Stage Set Up For Gigs | How To Set Up a Stage
Page updated 3/1/2016
It is important to arrive early to any gig. Get directions from Mapquest or purchase a Navigation Device to ensure you get to the gig on time. Remember even as a startup band, it can take over an hour or more to setup music equipment, PA, microphones, and sound check. It’s best to ensure that cables are not loose around your area of the stage and where the fans are located at the venue. While you do not want to trip while on stage, you should also ensure the safety of fans at the show. Bring extra cables and microphones to the show just in case some are defective. Many musicians bring backup musical instruments, guitar cables, guitar picks, microphones, amplifiers, adapters, and instrument accessories as well. Here’s a gig checklist to use before every gig.
If the venue that you are performing does not have a PA system or spot lights, this can also add to your setup time. Always check with the band booker at the venue to verify what PA sound equipment and lighting they have on stage for bands. Some venues provide sound guys or sound technicians (the person who runs the PA system). Always check to see if there is a fee for the sound technician as well. The club or venue also may provide someone to run lights and spot lights. Venues may charge a fee to have someone run lights as well. Many spot lights have controls that move them or turn them on or off at certain points. See if one of your responsible friends can run the lighting or if the venue charges to have their employees run the light show. Many small venues have uncomplicated lighting systems that can be run by a novice. As some bands get more popular they may purchase Live Stage & Sound Equipment.
It's best to arrive nice and early to the venue so that you have enough time to set up for your gig. When you get to the club ask the manager where you should setup your equipment. Ask them where the outlets are located. You should bring power strips as well, as the venue may not have enough outlets for all of your equipment. The staff of the venue may have to move tables out of the way if there is not a stage available to play the show. Yes, Not every venue has a stage for your band. Some venues just move tables around for their musical guests for the evening. This happens alot at smaller pubs and bars that offer live music to their patrons. Try to sound check before the bulk of the crowd arrives as the beating of single drums for sound check can be annoying to venue patrons. If you are playing a venue where passes are needed for your vehicles, make sure to get them ahead of time.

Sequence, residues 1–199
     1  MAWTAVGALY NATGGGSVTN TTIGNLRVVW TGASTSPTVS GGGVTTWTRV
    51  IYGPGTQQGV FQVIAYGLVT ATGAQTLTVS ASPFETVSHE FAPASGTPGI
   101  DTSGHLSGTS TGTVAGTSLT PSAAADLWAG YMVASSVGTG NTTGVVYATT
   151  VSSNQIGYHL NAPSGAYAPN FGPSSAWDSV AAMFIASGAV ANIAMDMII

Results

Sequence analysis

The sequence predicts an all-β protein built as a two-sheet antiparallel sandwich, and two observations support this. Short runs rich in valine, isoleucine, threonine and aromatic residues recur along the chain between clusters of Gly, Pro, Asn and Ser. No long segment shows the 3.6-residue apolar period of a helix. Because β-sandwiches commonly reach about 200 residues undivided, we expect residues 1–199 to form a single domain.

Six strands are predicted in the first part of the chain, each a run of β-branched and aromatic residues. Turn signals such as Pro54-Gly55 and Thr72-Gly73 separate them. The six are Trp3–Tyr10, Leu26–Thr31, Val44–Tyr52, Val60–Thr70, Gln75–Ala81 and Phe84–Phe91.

When you first start a band, costs for running sound and lighting are very much hidden costs. See if any of your capable friends may be able to run sound and lighting to save money. While this may save money, make sure they are still professional. Many bands don't recognize that sound or lighting technicians are even needed for a gig. Take your time and research each venue where you want to book a gig. The band booker at the venue should fill you in on any of these charges that may exist for sound and lighting.